Through Jane, young moms see their experiences play out on TV. Juggling a career, dates, and school pickups, co-parenting with your ex, having a fear of missing out while other 20-somethings are at the YOLO point in their lives. Though a huge part of the show revolves around sex (hence the title), the titular character isn’t defined by her sexuality. Jane embraces her desires while remaining grounded in her wish to have sex after marriage.


Women of Colour #5: Daisy Johnson/Quake (Chloe Bennet), Agents of S.H.I.E.L.D.

women of colour 5 Daisy Johnson

Credit: ABC



There’s just so much to love about Daisy Johnson. She started out as an orphaned anti-establishment hacktivist who got recruited into S.H.I.E.LD. Over the seasons, she literally became a force to be reckoned with but the Asian American superhero’s powers aren’t the only things that make her powerful. She reclaimed the name Nazis stole from her at birth and embraced her past, trauma, darkness, and all. She’s compassionate, empathetic, and a competent fighter and investigator in her own right.


Women of Colour #6: Annalise Keating (Viola Davis), How To Get Away With Murder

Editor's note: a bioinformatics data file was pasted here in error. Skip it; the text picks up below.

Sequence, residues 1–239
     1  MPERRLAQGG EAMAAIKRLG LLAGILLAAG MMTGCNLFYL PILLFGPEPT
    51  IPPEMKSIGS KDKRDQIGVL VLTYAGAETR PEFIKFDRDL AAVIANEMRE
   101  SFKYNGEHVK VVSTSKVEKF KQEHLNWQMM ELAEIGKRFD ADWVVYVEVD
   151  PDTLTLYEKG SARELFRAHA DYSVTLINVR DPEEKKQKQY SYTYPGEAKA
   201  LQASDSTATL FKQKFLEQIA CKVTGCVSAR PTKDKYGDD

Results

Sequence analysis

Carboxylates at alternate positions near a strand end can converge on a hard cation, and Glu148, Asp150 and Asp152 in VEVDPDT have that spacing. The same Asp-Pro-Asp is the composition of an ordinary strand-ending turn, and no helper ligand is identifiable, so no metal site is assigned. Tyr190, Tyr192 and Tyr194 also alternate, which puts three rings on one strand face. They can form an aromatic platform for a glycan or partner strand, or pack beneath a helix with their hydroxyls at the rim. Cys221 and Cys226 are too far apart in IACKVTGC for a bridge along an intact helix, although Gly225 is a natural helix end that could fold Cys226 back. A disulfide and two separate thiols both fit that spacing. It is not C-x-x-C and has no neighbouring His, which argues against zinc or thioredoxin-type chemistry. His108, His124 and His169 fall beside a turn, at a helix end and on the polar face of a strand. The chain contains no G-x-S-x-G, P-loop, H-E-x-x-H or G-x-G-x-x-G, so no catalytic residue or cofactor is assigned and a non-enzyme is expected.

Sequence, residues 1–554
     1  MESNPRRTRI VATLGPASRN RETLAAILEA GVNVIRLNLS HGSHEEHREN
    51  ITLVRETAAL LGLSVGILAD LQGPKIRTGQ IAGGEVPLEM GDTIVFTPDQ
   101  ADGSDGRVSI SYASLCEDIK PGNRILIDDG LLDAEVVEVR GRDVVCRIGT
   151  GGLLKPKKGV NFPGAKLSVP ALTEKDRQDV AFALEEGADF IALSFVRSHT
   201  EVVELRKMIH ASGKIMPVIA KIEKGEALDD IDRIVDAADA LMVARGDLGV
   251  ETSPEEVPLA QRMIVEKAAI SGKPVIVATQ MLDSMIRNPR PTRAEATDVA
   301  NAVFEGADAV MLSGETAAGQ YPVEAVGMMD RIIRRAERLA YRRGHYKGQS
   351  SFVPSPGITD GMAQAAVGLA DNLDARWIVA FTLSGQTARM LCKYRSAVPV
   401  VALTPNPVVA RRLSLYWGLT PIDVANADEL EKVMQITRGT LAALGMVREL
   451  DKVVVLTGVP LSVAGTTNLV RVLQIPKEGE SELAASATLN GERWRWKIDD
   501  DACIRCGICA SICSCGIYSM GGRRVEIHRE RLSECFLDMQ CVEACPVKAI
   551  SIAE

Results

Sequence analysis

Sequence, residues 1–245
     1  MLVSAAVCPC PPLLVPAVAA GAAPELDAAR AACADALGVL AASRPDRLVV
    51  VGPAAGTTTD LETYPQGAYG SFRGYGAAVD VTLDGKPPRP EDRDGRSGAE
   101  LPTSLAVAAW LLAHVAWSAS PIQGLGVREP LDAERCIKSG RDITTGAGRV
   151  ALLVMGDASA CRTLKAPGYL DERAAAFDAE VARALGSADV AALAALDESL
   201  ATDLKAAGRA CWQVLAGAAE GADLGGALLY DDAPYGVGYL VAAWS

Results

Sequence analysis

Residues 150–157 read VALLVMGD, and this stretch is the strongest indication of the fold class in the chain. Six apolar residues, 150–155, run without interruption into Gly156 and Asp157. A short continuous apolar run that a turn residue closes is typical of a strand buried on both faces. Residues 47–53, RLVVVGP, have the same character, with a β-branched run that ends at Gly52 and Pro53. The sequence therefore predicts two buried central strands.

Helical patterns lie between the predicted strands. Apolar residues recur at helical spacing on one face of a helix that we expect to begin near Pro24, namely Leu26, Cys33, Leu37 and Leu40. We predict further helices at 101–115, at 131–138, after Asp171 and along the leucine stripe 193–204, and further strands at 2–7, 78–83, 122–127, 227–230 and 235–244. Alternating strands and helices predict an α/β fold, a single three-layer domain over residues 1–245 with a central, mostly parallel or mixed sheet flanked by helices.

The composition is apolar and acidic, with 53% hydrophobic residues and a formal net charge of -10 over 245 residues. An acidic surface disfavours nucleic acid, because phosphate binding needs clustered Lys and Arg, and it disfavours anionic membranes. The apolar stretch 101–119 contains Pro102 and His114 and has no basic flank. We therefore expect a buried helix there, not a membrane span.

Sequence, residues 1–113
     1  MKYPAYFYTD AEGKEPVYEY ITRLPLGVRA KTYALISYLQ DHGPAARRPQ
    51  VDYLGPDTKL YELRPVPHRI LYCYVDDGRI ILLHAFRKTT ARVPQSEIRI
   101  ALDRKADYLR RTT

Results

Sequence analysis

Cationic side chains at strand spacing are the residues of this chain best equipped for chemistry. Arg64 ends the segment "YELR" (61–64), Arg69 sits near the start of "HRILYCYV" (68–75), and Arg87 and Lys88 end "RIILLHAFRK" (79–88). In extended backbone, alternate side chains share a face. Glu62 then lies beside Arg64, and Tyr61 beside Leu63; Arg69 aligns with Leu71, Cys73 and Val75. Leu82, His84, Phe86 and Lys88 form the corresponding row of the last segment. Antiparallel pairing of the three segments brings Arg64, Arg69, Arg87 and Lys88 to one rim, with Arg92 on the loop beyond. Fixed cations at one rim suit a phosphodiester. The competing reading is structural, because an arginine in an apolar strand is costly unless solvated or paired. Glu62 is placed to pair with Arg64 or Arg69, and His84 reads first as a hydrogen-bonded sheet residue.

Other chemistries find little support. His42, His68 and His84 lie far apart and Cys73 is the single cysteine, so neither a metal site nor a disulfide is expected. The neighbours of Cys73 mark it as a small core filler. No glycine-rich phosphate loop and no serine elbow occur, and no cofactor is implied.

women of colour 6 Annalise Keating

Credit: ABC



Annalise Keating is the only bisexual middle-aged black female lead on American network television. On the surface, she has a successful career as a high-powered lawyer and law professor and a loving husband. In reality, she’s an alcoholic and she’s constantly struggling with the trauma of being sexually abused as a child. She’d also do terrible things to help her students get away with murder. Case in point: She had the bright idea of making her rival’s death look like an accident.


Women of Colour #7: Mindy Lahiri (Mindy Kaling), The Mindy Project

women of colour 7. Mindy Lahiri

Credit: Hulu


Raise your hands if you can relate to celeb-obsessed, boy-crazy, and ambitious OB-GYN Mindy Lahiri! When she’s not delivering babies and being a total boss, she’s watching rom-coms in bed and eating comfort food. She’s unafraid of taking control of her finances and sex life. And she stands up for her rights.


Women of Colour #8: Jessica Huang (Constance Wu), Fresh Off the Boat


Let’s face it, the world would collapse if Jessica Huang wasn’t around. She handles the Huang boys and her crotchety mother-in-law just as well as she sells houses. Who was here for that time she and her husband, Louis double-teamed to get the greatest deal on a car ever? Or that time she did taxes on a holiday? Or that time she brainwashed Eddie into respecting girls by jamming her stuffed animal into his face?


Women of Colour #9: Maeve Millay (Thandie Newton), Westworld

women of colour 9. Maeve

Credit: HBO